Pa. may charge towns for state police coverage

    Pennsylvania lawmakers want towns to start paying up for state police protection. A new bill would impose fees on small municipalities that don’t have their own police departments, and instead rely on the state police to handle law enforcement matters.

    Pennsylvania lawmakers want towns to start paying up for state police protection. A new bill would impose fees on small municipalities that don’t have their own police departments, and instead rely on the state police to handle law enforcement matters.

    Listen:
    [audio:100128SDPOLICE.mp3]

    The idea isn’t new, and previous bills charging fees to local governments for state police protection haven’t gotten far. But House Local Government Committee Chairman Robert Freeman, a Northampton County Democrat, says another tough fiscal year will force lawmakers to find new revenue sources everywhere they can.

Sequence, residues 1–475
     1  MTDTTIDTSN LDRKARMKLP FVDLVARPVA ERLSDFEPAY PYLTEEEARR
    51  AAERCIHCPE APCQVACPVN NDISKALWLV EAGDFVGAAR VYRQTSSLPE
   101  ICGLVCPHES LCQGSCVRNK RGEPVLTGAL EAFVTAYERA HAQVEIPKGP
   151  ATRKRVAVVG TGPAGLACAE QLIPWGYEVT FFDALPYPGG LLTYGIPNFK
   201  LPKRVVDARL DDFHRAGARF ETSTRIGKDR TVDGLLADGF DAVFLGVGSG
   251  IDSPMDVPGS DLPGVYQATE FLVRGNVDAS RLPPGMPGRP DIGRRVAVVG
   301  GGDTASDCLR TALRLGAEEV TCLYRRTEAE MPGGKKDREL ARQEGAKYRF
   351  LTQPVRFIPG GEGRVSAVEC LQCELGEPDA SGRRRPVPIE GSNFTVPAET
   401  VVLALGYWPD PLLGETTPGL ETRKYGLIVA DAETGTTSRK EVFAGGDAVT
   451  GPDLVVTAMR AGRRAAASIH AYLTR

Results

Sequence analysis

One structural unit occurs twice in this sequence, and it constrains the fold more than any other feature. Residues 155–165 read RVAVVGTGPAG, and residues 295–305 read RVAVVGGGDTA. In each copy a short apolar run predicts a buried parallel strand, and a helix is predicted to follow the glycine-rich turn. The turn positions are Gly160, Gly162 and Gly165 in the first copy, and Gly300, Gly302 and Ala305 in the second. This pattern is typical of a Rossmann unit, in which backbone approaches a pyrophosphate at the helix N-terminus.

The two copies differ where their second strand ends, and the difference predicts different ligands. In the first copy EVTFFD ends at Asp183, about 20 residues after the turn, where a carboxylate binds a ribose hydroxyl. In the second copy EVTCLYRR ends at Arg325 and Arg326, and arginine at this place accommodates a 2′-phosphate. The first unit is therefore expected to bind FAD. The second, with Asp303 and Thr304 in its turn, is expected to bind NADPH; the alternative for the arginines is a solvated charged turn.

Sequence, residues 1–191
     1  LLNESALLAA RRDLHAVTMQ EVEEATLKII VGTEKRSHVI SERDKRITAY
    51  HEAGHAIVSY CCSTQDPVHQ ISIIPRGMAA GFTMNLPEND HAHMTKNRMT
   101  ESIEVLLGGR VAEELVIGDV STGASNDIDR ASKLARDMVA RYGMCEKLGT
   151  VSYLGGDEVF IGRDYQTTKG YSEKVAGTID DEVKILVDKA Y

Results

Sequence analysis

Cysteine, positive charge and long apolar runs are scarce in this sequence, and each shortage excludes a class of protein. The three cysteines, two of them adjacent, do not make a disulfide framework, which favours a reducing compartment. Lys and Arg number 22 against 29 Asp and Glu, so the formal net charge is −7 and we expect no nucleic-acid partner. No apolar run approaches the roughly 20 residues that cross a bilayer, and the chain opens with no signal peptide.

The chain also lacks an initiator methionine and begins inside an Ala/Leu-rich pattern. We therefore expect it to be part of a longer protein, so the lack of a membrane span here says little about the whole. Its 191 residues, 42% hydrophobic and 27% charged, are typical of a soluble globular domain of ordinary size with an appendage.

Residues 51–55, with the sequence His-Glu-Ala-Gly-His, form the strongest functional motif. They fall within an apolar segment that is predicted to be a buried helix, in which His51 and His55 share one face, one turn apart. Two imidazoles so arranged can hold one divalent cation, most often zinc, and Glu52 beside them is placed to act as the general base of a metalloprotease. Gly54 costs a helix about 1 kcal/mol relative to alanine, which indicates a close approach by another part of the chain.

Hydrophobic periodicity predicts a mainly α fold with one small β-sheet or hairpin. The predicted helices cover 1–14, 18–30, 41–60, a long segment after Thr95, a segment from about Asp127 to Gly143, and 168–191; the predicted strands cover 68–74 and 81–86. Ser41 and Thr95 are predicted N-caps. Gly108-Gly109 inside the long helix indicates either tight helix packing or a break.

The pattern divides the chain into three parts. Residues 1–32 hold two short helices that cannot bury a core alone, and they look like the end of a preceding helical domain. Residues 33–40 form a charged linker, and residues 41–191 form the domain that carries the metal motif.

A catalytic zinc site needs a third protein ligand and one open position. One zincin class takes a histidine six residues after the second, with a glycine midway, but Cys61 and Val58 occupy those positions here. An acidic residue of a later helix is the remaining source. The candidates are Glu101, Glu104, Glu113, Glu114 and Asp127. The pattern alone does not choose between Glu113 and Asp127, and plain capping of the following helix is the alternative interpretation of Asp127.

The panel will likely vote soon on a measure charging a hundred dollar-a-resident fee to municipalities with populations above 10,000 who don’t have their own police forces. Freeman says it’s a matter of fairness.

    Freeman: When you have communities of 34 or 40-thousand population there’s obviously a sufficient tax base to afford their own police force, and they rely on free state police services, there’s something wrong with that.

    The measure’s sponsor, Armstrong County Democrat John Pallone, says the bill would generate $41 to $42 million dollars a year.
    He wants all of the revenue to go to the State Police, but Freeman says the bill will likely be amended before a vote.

    Lawmakers who oppose the measure say it would create one more financial burden for cash-strapped local governments.

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